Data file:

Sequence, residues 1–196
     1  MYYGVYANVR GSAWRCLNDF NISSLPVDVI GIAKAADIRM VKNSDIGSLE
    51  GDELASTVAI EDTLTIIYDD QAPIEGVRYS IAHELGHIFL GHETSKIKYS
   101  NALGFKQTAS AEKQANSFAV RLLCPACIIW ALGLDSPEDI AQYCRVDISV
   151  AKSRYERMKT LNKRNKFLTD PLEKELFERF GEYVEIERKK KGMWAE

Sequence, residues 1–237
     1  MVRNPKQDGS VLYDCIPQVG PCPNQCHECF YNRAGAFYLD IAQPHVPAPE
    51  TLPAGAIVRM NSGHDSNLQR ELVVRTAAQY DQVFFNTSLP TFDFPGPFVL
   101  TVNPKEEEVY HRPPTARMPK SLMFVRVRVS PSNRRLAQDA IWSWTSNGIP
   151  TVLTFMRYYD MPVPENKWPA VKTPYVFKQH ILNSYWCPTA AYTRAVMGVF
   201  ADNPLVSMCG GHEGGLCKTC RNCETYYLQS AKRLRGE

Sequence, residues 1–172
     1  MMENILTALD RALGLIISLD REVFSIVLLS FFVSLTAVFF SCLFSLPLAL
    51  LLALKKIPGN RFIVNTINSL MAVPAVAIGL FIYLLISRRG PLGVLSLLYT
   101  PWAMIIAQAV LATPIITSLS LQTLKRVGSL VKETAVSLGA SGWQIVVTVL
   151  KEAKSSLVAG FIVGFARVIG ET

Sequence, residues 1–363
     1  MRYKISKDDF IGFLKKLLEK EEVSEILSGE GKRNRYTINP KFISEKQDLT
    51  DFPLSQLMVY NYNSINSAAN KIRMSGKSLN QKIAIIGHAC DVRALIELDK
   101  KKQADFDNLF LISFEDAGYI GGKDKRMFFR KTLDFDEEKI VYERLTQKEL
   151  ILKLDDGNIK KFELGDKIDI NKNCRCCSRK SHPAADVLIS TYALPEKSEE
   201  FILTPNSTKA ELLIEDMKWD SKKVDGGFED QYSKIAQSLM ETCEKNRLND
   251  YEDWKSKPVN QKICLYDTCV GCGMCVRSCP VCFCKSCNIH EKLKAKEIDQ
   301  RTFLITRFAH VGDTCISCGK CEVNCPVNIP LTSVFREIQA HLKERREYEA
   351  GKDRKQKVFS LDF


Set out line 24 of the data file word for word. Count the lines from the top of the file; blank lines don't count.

   301  RTFLITRFAH VGDTCISCGK CEVNCPVNIP LTSVFREIQA HLKERREYEA